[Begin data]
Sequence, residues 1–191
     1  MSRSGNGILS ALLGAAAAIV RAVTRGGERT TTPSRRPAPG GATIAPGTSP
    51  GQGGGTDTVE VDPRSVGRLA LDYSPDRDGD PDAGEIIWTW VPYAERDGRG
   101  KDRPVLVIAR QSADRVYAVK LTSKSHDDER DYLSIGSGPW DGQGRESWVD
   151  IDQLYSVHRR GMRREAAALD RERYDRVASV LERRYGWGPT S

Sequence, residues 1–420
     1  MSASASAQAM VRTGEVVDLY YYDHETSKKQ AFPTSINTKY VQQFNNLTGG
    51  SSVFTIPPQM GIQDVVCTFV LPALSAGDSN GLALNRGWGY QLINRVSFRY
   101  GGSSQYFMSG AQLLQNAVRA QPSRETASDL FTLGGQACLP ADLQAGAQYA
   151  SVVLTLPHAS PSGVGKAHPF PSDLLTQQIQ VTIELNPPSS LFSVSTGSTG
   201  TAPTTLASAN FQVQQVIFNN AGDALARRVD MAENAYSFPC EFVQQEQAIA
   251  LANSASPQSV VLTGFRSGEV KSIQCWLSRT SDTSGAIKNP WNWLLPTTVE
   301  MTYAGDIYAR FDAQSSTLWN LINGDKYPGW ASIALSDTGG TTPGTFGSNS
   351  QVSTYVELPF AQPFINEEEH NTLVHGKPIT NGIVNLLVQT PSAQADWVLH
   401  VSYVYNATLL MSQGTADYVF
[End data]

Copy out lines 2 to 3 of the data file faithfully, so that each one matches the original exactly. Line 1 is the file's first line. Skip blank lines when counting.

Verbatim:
     1  MSRSGNGILS ALLGAAAAIV RAVTRGGERT TTPSRRPAPG GATIAPGTSP
    51  GQGGGTDTVE VDPRSVGRLA LDYSPDRDGD PDAGEIIWTW VPYAERDGRG